Today’s poem came to me quite spontaneously one afternoon many years ago as I was lying on the bed having a little rest. In another previous post entitled “Poetry, dreams, and the body”, I wrote about the changing nature of my relationship with my body at that time in my life that opened the way for this poem to express itself to me:
I was also, at that time, coming into a new form of relationship with my body. I’d been treating my body like a mechanism for most of my life, a strange and mysterious other that felt external and separate from what I thought of as myself, an unreliable machine that suffered from all sorts of inconvenient problems and breakdowns that no doctor I’d seen could explain. I know now that this sort of separation and dissociation from the body is very common among men and boys in my culture. I also know now that it’s common to another demographic group of which I am also a member: adult survivors of childhood abuse.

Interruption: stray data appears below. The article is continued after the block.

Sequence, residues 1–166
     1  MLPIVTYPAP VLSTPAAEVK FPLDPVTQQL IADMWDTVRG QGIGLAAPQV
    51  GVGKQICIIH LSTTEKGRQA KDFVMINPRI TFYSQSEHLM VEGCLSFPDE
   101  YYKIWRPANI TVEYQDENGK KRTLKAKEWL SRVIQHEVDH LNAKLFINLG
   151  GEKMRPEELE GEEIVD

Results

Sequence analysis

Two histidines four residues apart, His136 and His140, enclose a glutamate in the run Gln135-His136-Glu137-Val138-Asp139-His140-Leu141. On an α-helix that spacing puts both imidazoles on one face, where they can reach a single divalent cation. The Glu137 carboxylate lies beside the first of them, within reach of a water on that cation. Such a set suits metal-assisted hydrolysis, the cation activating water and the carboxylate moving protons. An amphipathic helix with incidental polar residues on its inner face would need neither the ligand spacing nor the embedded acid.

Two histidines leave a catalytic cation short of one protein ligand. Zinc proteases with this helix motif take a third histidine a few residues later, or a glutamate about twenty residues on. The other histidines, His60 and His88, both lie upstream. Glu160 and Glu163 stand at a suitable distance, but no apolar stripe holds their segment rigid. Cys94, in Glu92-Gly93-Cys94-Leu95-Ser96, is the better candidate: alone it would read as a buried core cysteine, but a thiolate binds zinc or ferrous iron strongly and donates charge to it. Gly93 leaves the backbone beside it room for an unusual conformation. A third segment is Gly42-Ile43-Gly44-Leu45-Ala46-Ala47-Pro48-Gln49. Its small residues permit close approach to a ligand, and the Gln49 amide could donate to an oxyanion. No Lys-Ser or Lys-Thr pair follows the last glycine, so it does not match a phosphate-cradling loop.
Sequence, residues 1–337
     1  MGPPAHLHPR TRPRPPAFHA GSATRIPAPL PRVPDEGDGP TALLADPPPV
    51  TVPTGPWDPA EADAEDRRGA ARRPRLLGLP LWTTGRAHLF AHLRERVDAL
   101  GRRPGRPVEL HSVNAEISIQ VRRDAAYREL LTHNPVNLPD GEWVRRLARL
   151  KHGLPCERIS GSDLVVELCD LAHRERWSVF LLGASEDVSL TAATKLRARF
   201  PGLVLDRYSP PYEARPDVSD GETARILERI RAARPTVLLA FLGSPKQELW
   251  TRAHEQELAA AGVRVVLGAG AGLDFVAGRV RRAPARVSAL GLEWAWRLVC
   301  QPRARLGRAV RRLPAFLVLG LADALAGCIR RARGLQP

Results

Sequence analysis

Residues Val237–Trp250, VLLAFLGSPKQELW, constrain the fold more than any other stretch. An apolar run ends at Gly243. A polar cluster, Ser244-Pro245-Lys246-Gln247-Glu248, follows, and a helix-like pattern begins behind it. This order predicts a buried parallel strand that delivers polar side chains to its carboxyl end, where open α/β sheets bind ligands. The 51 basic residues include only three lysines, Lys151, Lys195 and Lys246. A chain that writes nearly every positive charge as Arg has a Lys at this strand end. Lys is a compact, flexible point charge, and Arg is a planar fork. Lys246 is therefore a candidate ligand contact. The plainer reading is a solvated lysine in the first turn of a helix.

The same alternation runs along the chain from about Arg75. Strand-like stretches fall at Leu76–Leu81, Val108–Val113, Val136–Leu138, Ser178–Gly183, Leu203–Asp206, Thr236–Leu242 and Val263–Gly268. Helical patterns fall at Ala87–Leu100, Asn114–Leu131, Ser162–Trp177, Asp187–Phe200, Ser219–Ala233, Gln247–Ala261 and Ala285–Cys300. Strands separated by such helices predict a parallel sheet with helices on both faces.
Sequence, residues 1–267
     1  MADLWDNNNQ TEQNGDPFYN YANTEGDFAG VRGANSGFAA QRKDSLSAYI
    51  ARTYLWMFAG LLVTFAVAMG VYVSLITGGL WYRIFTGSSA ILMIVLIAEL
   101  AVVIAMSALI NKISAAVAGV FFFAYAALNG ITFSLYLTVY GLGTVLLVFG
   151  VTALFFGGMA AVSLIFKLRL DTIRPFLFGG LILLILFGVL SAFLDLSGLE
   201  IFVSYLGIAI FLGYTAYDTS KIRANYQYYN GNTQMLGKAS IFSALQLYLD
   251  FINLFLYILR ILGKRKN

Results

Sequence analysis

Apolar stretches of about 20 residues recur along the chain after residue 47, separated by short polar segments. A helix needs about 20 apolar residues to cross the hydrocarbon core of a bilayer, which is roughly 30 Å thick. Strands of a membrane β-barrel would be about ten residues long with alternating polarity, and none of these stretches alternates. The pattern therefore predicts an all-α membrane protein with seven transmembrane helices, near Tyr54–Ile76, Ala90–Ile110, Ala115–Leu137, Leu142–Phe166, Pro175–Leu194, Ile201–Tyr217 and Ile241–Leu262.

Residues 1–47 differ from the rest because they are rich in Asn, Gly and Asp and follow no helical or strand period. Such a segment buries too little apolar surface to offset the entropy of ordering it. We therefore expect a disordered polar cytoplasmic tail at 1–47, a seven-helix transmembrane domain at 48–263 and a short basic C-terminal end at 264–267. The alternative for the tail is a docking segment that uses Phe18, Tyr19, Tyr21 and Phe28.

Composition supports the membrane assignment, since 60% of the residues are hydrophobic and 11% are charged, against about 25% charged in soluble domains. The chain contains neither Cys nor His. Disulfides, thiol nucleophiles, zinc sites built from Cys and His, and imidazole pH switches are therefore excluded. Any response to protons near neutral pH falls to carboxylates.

Somehow, and I honestly can’t say how this came about, I found that my body was, like my dreams, another rich source of imagery and information that expressed itself well in poetic language. I believe this discovery was largely stimulated by the emotional processing work I was doing at the time, in which I was taught to tune into my body as a way to locate and unlock the psychological and emotional energy I’d been forced to repress as a child. As time went on, I gradually began to see my body as a partner rather than as an adversary. I also found that my body had something to say. I only had to give it the time and the space to speak.